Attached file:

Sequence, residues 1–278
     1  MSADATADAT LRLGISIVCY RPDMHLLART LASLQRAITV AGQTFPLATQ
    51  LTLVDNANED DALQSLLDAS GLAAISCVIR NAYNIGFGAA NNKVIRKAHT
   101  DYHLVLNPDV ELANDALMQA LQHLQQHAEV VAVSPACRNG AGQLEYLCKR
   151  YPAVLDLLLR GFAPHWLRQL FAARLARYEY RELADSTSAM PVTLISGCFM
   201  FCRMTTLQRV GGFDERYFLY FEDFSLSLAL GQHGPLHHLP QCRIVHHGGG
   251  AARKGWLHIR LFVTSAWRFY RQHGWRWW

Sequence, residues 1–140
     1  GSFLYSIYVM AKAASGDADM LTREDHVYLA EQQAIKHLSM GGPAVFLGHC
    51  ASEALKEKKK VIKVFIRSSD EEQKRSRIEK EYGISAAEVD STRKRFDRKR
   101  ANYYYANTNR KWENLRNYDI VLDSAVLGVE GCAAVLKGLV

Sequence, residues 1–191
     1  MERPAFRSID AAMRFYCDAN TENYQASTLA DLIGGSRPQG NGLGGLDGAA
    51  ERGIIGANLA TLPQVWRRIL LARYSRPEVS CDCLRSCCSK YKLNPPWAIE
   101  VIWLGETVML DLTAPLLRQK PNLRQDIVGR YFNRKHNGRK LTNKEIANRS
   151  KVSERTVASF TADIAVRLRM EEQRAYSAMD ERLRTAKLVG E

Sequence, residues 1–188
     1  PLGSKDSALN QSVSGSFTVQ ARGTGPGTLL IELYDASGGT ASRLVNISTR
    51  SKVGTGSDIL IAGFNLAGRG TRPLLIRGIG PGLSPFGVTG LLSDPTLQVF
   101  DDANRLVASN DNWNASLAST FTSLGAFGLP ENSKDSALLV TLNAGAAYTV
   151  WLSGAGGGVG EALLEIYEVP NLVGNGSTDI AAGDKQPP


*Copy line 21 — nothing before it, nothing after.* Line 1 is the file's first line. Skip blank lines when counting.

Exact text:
   151  WLSGAGGGVG EALLEIYEVP NLVGNGSTDI AAGDKQPP